In the first parts of the blog series we covered, what is RDM (research data management). In this post, we will trace the details behind the changes in the research process related to RDM and explain why it is increasingly important to understand the significance of RDM.
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Text: Tanja Lindholm
A lot has changed during the past decades, and by no doubt the major changes have been the spread of digital tools facilitating the research environments, the development of the world-wide web and the growth of data storage and computing – this has been the beginning of the so-called digital revolution (Fig. 1).
The digital era has brought many new opportunities for research and researchers in the form of new tools, large storing capacities as well as easy sharing. On the other hand, the change has brought many new challenges and responsibilities. Therefore, the importance of research data management has grown.
Let’s take a brief look at what has changed and what the changes mean, using a rough comparison for a field work at present time and early 2000s.
In the early 2000s, our fieldwork tools were e.g. pen, paper, analogue or digital cameras. While pen and paper still exist today, our main tools in many places are mobile phones and related apps. Fifteen to twenty years ago, our data was stored in memory cards, USB sticks, external hard drives and whatever cheap and large enough systems were available at that time to store our data. At present, we can hold the data in phones or transfer it to a different system or a colleague almost anytime and anywhere in the world.
In both cases, it is easy to think of different kinds of worst-case scenarios. In the early 2000s, data was easily lost if it existed only, for example, on external hard drives. At the time, commercial and self-made storing and sharing solutions were employed because institutes could not follow the rapid development of safe storing solutions. Today, when an online connection is available almost everywhere you are, sensitive data collected or kept in phones, can spread around the world in minutes. Nowadays, most institutes provide good and safe solutions! There is no excuse to use unsafe or homemade solutions anymore.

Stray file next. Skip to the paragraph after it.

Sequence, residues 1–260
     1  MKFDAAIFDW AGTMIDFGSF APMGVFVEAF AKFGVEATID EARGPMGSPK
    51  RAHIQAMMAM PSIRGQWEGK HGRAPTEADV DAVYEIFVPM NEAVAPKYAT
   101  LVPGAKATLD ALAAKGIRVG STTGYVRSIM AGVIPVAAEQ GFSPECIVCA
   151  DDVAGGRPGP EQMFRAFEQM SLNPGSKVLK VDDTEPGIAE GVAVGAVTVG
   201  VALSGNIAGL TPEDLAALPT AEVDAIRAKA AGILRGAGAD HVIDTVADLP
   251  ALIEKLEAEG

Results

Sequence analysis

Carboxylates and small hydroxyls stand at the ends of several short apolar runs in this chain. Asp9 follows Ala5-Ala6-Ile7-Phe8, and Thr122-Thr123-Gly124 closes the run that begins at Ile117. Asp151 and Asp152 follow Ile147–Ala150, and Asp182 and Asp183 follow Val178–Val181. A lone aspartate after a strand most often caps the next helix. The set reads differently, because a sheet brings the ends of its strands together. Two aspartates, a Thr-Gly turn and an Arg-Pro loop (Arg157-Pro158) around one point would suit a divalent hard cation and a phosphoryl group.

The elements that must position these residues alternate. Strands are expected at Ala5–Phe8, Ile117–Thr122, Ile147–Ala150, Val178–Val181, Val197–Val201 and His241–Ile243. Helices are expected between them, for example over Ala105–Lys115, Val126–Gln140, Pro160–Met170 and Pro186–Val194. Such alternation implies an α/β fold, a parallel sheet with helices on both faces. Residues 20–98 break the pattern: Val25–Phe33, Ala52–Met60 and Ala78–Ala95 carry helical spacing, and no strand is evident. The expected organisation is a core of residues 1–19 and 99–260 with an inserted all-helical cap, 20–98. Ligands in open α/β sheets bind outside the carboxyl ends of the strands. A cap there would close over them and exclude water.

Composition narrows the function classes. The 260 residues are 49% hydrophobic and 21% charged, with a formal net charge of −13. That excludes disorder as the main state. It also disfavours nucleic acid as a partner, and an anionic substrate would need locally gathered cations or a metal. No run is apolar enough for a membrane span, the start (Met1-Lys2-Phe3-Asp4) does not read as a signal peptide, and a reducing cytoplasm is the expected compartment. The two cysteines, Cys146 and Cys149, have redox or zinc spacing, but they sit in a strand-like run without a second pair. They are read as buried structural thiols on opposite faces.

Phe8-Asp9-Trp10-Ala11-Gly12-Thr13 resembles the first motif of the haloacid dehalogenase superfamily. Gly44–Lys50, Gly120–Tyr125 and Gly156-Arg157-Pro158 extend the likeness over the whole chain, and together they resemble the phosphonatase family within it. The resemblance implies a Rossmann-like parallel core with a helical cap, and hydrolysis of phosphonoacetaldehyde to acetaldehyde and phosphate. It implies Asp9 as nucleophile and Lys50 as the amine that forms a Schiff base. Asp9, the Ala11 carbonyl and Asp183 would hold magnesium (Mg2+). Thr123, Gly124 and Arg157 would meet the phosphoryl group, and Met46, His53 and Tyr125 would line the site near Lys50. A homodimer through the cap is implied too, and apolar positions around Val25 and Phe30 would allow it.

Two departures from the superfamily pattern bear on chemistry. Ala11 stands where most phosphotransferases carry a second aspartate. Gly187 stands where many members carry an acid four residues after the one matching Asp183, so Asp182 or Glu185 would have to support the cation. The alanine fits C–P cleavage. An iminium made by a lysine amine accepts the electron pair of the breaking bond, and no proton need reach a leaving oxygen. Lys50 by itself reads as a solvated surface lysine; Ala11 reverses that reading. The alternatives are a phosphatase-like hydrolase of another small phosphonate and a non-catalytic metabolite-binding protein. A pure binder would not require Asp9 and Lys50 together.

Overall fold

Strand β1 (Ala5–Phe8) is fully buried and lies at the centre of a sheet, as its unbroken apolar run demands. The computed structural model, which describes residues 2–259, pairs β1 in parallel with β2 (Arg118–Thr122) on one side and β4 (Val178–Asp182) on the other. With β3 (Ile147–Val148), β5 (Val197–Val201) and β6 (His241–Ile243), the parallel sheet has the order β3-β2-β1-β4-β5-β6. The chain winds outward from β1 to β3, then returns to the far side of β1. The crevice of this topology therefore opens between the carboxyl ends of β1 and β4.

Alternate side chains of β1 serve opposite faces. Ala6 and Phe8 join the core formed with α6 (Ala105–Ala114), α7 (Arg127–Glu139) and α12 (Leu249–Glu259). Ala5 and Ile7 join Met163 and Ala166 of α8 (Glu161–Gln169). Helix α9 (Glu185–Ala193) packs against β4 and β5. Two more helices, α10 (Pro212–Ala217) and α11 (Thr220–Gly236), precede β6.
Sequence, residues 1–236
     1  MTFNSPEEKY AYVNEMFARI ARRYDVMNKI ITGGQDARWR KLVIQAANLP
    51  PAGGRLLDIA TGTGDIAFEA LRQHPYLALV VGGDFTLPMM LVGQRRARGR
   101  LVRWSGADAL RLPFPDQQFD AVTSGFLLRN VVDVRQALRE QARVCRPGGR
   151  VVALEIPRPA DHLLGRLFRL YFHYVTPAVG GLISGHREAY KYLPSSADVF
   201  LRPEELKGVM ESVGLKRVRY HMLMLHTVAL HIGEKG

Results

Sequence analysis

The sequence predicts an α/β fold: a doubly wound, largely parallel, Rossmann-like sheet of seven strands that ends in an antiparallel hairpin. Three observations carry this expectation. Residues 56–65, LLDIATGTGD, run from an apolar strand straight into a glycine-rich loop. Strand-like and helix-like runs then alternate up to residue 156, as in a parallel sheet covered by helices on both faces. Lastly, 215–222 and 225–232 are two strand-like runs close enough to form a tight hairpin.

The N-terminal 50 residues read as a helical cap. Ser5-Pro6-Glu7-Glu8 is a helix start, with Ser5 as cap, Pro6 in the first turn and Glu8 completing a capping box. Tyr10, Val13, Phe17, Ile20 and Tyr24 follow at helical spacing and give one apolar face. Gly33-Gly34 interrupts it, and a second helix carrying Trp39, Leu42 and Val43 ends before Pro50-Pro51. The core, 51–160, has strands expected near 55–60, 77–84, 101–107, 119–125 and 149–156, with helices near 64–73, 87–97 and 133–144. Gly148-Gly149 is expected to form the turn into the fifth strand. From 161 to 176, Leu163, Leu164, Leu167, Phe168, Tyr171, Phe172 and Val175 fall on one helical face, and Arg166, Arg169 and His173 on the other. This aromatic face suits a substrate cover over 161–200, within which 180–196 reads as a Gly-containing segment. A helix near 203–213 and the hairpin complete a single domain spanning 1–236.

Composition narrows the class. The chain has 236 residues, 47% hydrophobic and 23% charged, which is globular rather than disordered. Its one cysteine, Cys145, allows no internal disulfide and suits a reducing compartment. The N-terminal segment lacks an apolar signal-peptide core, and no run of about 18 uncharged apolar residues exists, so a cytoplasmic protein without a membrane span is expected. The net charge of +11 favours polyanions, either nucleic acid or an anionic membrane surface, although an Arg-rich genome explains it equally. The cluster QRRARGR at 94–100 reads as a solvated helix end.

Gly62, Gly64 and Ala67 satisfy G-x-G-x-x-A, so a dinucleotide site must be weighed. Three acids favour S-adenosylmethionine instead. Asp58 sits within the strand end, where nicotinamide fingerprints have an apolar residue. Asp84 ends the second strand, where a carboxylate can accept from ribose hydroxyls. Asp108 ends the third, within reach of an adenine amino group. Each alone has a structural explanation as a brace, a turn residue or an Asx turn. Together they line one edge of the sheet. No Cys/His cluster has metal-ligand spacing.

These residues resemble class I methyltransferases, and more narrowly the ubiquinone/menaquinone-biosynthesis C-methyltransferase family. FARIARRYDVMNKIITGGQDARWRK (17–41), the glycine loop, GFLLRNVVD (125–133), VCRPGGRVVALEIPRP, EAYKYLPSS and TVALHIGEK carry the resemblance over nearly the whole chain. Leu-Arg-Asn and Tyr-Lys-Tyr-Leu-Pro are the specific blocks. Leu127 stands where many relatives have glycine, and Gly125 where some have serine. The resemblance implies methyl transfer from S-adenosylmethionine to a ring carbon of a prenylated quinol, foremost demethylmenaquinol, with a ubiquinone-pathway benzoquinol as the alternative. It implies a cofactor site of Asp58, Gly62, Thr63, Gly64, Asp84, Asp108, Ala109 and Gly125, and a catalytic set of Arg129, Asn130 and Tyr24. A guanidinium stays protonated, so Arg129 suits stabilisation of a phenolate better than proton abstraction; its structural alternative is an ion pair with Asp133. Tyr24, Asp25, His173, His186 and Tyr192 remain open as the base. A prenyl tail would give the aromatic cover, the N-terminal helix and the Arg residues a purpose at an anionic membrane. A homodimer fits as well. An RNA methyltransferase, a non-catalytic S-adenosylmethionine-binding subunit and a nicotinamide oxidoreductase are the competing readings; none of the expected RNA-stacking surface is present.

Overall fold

New policies and laws follow the digital era and for a good reason. At the same time, our research data needs to be FAIR (findable, accessible, interoperable, re-usable), open and traceable. Thinking of the digital changes and the demands of responsible science, research is not what it used to be. We produce vast amount of data, but a minor topic in public discussion as well as researcher training is, what do we do with it and how to handle it, what to keep and what to delete and so on, has remained a minor topic. Therefore, we need comprehensive research data management – not only to keep up with the legal and ethical issues, but also to better manage large amounts of data. The systematic practices resulting from proper planning also save time, money and effort, when everyone working in a project are following the same plan.
In the next part of this blog series, we will take a closer look at why it is important to plan RDM ahead.
Research Data Management – know your data!